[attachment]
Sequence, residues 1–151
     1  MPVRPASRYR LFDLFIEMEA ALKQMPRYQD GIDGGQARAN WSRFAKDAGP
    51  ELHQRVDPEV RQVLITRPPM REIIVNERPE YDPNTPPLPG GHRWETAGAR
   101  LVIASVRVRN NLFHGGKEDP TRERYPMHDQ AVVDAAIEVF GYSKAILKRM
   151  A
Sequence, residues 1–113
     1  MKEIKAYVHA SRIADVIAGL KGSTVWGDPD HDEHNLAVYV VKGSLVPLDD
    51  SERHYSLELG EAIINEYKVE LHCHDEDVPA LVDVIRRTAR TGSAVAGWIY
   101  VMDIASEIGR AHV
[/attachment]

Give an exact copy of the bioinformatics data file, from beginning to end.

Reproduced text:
Sequence, residues 1–151
     1  MPVRPASRYR LFDLFIEMEA ALKQMPRYQD GIDGGQARAN WSRFAKDAGP
    51  ELHQRVDPEV RQVLITRPPM REIIVNERPE YDPNTPPLPG GHRWETAGAR
   101  LVIASVRVRN NLFHGGKEDP TRERYPMHDQ AVVDAAIEVF GYSKAILKRM
   151  A
Sequence, residues 1–113
     1  MKEIKAYVHA SRIADVIAGL KGSTVWGDPD HDEHNLAVYV VKGSLVPLDD
    51  SERHYSLELG EAIINEYKVE LHCHDEDVPA LVDVIRRTAR TGSAVAGWIY
   101  VMDIASEIGR AHV